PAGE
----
Cutaneous Horn

Eileen Bailey Health Guide August 28, 2013
  • Cutaneous horns are hard, conical protrusions from the skin made up of keratin, a strong protein which the body normally produces and is found in skin, hair and nails. It can be soft, as when in the skin, or hard, such as in the nails (hooves are also made of keratin.)  Cutaneous horns are most often found in fair-skinned, elderly patients and develop in areas most exposed to the sun, such as the face, nose, ears, forearms and back of hand, although they can develop on other parts of the body as well.

     

    Appearance


    Cutaneous horns are yellow/brown in color and usually range in size from a few millimeters to a few centimeters. They are curved, which is why they are referred to as horns. They are typically twice as long as the width of the base. While more than one horn can develop, usually there is only one horn.

     

    Possibility of Cancer


    The cutaneous horn itself is not cancerous; it is the base of the horn, that may be cancerous, although the majority are benign. Approximately 60 percent are benign, 20 percent are actinic keratosis, which is a precancerous lesion and the remaining 20 percent have bases that are squamous cell or basal cell carcinoma. [1]

     

    The horn itself is not painful; however, the base can be injured if bumped and may be painful or inflamed from the injury. If the base is painful, there is a greater chance of the lesion being cancerous and should be checked immediately.  Some of the warning signs of cancer include:

    • Pain
    • Large size
    • Wide base and low height of horn
    • Redness and inflammation of the base

    Diagnosis and Treatment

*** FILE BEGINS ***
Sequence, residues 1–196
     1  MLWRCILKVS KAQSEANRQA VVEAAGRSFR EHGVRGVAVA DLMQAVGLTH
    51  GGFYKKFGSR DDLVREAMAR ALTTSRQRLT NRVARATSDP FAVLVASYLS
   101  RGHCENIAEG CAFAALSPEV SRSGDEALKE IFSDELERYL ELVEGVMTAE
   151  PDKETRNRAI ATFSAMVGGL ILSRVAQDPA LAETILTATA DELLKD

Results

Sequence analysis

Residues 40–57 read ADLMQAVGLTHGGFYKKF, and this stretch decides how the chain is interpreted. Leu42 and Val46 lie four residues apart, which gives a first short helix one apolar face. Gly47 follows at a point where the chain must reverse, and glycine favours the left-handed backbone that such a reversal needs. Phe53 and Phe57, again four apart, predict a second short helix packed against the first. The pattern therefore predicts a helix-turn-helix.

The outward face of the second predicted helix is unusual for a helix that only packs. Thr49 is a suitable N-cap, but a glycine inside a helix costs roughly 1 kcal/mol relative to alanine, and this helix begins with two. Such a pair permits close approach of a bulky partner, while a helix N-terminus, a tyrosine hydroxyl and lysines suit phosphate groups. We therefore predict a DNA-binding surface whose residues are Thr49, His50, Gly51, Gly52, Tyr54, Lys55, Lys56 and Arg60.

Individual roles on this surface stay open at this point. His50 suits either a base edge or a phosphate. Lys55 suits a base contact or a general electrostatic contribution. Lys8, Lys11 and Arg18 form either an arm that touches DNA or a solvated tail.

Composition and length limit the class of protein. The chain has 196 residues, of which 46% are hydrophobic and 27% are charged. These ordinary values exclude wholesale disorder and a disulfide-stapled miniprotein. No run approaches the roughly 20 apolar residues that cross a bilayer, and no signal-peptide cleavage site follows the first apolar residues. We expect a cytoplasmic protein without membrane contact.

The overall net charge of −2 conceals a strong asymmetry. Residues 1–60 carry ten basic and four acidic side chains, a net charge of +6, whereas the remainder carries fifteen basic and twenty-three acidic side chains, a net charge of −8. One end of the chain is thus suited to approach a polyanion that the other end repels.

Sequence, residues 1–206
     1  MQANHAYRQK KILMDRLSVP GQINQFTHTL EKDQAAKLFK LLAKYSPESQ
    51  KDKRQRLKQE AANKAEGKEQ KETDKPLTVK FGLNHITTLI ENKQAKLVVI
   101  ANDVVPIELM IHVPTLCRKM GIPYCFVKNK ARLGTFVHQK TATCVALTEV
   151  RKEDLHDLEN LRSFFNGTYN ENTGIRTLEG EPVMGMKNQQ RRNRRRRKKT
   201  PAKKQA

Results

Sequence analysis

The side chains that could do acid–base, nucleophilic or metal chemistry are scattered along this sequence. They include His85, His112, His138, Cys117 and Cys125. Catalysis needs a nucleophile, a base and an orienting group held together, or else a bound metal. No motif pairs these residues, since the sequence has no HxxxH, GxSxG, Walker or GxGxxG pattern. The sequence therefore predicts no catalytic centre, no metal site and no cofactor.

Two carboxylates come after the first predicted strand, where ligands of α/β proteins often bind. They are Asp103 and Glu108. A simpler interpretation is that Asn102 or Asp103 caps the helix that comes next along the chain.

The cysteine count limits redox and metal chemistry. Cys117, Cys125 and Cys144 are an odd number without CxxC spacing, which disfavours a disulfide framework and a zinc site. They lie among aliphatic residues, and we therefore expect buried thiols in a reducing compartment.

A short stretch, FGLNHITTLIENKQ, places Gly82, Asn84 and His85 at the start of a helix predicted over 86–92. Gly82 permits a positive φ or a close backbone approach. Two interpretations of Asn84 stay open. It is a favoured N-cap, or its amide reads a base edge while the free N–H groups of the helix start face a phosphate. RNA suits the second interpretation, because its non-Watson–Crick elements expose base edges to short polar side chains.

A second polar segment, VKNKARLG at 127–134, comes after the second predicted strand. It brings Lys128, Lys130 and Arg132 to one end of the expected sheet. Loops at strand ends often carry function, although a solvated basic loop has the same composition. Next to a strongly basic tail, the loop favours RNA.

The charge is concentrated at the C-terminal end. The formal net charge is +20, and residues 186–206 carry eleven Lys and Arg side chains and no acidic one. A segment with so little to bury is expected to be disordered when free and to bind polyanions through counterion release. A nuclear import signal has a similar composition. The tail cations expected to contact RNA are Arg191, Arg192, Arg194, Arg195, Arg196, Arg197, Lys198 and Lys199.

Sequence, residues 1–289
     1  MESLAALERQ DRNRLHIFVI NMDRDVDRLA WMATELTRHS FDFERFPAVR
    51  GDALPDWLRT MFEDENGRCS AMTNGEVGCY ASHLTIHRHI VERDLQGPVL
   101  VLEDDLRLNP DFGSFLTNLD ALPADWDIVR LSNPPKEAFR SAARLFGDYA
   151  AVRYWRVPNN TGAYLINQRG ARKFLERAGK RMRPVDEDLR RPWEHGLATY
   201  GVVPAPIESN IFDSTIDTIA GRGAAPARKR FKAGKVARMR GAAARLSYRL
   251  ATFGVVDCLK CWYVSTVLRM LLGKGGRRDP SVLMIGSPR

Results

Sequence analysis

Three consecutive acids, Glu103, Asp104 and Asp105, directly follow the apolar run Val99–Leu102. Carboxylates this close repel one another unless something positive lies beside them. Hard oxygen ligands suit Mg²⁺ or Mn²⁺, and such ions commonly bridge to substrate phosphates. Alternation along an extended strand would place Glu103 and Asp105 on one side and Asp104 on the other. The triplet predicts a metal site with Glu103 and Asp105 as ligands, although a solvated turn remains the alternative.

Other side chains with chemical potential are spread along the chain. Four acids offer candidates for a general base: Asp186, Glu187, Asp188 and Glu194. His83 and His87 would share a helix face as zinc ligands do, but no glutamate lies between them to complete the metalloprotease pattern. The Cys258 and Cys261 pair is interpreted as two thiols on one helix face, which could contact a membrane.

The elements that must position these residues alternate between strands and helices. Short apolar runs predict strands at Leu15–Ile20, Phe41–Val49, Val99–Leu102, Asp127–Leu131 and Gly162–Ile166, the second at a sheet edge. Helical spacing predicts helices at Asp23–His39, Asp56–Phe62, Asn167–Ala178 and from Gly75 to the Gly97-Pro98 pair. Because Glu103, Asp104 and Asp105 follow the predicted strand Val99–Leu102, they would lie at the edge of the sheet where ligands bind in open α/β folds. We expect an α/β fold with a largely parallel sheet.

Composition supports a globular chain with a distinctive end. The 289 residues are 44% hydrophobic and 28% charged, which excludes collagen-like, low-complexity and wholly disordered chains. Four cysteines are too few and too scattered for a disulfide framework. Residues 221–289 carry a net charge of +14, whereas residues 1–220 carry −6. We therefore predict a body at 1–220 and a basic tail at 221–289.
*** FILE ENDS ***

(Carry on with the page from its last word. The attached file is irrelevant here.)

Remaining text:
Because of the possibility of cancer, a cutaneous horn should be evaluated by a dermatologist, who will do a biopsy of the base lesion.

     

    If the horn is found to be cancerous, it may be surgically excised and often some of the tissue surrounding the horn is excised as well to be biopsied to determine the extent of the cancer.  Your doctor may elect to remove the horn in other ways, such as treating with topical chemotherapy agents, frozen with liquid nitrogen or scraped and burned off. Depending on the cancer, radiation treatment may be recommended.

     

    Your doctor will probably recommend follow up care and regular dermatology appointments to prevent or detect skin cancer.

     

    References:

     

    “Actinic Keratosis – Cutaneous Horn,” 2011, Feb. 6, Dr. Anthony J. Perri, PerriDermatology.com

     

    “Cutaneous Horn,” 2013, June 8, Staff Writer, DermnetNZ.org

     

    “Cutaneous Horn: A Potentially Malignant Entity,” 2009, N.F. Fernandes et al, Acta Dermatoven APA


    [1] “Cutaneous Horns: Are These Lesions as Innocent as They Seem to Be?” 2004, Eray Copcu, Nazan Sivrioglu, Nil Culhaci, World Journal of Surgical Oncology